Category Archives: Windows 11

Self-inducing Windows 10 keyboard output delays

Recently, while troubleshooting an issue on Windows 10 where Zoom kept crashing unexepectedly, I observed something even more vexing. The cure for that specific issue is to turn Video Conference Mute off in PowerToys (on by default). But as soon as one does that, keyboard input slows to a crawl. Indeed, when self-inducing Windows 10 keyboard output delays that way, it can take seconds for a keystroke to appear on-screen. If you type even modestly fast (like me) that means you can finish a whole sentence before output shows up on screen. When you make occasional typos — as I sometimes do (1 in this sentence so far) — that’s immensely frustrating.

When Self-inducing Windows 10 Keyboard Output Delays, Easy Fix

At first, I tried restarting the Explorer task in Task Manager. That sometimes helps when such symptoms appear. Not this time. The next standard fix is a system restart. And indeed, that did the trick for me.

I know that PowerToys ties into Windows at a pretty deep level. I’m guessing that turning default settings off in the program may change low-level system behaviors. Apparently, the Video Conference Mute change is discombobulating enough to change the delay involved in keyboard echo (the time it takes for a keypress value to show up on screen).

Another “Interesting” Issue Caught and Killed

This happens only on Windows 10, though. I tried the same changes on Windows 11, and it didn’t affect keyboard output at all. On Windows 10, I first noticed it in the WordPress editor. But then, it showed up in Outlook and Word — and even, Notepad — so I assumed it was an across-the-board thing.

Thus, I’m glad that an old standby in whacking Windows weirdnesses — namely, a restart — fixed the issue on my production PC. I use that machine all day long, every day, and mostly enter text on a keyboard for a living. Thus, fixing anything that slows down text entry is of major importance — to me, at least.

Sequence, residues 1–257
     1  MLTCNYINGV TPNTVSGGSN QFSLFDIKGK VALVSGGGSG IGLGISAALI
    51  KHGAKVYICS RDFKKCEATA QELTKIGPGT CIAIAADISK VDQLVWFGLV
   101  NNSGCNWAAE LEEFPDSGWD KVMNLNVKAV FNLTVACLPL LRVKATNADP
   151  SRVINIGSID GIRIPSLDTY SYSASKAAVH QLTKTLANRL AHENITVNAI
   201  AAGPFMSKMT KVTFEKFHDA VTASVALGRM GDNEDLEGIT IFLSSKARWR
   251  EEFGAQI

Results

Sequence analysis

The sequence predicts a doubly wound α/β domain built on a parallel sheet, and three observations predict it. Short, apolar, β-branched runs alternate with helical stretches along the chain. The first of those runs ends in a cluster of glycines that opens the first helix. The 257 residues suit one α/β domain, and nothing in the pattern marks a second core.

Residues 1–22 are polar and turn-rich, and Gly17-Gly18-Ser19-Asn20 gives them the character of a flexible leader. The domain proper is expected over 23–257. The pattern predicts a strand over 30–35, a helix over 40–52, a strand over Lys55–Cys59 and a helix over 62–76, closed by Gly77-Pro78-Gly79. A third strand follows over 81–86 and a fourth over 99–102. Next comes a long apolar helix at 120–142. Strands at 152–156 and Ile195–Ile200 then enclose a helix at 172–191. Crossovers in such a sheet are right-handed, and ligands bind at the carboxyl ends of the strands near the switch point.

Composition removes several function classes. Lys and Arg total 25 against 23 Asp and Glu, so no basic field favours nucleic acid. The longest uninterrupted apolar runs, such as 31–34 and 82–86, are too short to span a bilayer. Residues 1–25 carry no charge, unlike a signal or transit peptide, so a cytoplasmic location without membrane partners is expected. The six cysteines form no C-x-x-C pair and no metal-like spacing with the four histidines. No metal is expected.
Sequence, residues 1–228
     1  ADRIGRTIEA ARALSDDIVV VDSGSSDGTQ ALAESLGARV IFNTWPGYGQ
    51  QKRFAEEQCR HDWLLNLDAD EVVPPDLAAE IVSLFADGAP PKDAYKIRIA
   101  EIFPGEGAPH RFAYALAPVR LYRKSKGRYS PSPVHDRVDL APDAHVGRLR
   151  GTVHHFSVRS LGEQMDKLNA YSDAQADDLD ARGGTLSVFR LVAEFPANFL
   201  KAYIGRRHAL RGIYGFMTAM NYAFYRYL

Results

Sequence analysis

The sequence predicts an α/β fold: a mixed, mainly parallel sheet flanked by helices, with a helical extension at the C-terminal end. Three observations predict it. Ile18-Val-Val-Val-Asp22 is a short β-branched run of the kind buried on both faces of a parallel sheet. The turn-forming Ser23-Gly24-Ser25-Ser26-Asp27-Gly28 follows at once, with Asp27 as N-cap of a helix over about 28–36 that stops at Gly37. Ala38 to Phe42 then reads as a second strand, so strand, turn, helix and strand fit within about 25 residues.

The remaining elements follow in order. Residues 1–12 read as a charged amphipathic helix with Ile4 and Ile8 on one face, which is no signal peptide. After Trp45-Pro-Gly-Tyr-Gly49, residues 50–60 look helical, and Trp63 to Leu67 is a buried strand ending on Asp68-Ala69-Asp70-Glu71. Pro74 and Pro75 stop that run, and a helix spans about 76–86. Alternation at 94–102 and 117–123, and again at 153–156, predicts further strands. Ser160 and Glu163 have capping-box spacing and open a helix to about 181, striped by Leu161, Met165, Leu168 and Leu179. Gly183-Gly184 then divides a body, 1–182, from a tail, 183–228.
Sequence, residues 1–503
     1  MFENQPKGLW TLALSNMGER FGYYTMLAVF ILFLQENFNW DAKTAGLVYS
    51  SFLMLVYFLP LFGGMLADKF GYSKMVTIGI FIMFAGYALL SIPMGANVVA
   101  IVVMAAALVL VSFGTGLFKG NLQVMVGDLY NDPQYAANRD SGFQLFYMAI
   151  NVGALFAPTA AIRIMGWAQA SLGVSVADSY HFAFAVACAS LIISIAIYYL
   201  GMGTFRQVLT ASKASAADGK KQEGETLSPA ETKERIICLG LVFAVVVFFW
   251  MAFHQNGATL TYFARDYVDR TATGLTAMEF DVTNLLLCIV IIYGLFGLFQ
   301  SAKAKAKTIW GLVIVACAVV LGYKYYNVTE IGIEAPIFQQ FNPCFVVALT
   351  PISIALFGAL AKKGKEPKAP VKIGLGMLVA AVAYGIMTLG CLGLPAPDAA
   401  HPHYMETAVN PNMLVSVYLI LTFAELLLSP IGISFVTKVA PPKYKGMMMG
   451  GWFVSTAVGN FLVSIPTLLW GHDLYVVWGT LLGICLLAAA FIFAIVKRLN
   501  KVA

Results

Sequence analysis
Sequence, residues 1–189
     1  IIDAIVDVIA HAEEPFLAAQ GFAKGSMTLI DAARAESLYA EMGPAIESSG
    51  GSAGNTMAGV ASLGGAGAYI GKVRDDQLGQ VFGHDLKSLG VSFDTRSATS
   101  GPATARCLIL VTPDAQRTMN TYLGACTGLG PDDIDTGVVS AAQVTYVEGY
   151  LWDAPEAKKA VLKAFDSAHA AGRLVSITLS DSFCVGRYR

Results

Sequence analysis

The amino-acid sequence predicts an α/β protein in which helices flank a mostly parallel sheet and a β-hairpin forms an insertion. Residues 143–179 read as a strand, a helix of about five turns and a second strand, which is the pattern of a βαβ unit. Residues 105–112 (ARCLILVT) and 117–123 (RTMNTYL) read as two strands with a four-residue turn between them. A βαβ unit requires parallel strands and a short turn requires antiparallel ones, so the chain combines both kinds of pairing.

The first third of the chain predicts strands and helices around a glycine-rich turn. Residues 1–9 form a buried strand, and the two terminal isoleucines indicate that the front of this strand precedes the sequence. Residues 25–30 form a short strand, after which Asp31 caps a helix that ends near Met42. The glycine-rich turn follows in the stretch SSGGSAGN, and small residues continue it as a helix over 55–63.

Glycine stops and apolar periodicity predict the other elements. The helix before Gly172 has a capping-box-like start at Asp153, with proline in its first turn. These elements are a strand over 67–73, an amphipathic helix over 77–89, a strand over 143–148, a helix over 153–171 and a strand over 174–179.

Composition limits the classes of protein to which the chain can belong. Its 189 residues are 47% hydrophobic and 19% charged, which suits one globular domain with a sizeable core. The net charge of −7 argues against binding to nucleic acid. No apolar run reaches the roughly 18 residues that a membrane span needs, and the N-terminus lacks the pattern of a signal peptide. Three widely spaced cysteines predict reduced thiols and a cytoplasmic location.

Stay tuned. As things are always interesting with Windows in some odd way or another, this is a thread I’ll have no trouble adding to in my daily writing. As Roseanne Roseannadanna often said on SNL: “It’s always something!” Too true…


Dev Channel Build 22538 Gets Interesting

The old Chinese curse goes “May you live in interesting times.” Sounds innocuous, until you understand that what a reader of history might find interesting after the fact, someone who lived through such experiences might find disturbing or harrowing. In that sense then, I proclaim that Dev Channel Build 22538 gets interesting. Exactly what does this mean?

When Dev Channel Build 22538 Gets Interesting, Look Out!

I downloaded and installed this latest Build on my two test PCs yesterday, and finished up this morning. Everything went well, and finished in a reasonable amount of time. (That means under 30 min for both the X12 Hybrid [11th gen Intel i5/16GB RAM/512GB SSD)]and the X380 Yoga [8th gen Intel i7/16 GB RAM/1TB SSD].)

Things only got interesting when I started running the new OS version. If you shift the Start menu left (Start → Personalization → Taskbar → Taskbar behaviors → Taskbar alignment: Left), the Widget icon turns into a weather icon instead. Some users report getting a “weather bug” and temperature value. Others — including me — get only the weather bug. See the lead-in graphic for an illustration, as central Texas faces possible “wintry mix” today.

I was also in for a surprise the first time I remoted into the X12, using Remote Desktop Connection (.exe) . The Taskbar included only two icons. When I tried to run Task Manager to restart Explorer.exe (which usually fixes such behaviors) nothing was accessible. So I ended the remote session, logged into the X12 locally, and then tried again. Everything worked on a second attempt, thank goodness. Indeed, that was interesting!

Curiosity Prompts X380 Yoga Check

Curiosity led me to do likewise on the X380 Yoga. But it showed no such anomalies. Instead a flag from Windows Security informed me that memory integrity checks (Core isolation) were turned off. I had to restart to set things right, but that seemed to work OK, too. The flag was absent after the restart, and Windows Security offered a clean bill of health.

All I can say about the 22538 Build and Dev Channel builds for Windows 11 in general, is that they work surprisingly well. They’re supposed to have rough edges and not-fully-fleshed-out features and functions. I seldom find interesting things to report when I install and run them. It’s fun when things get interesting — at least, on test PCs where I don’t have to rely on them to get my job done.

Stay tuned: I’ll continue to report items of interest as I encounter them.


Zoom Resume Ruminations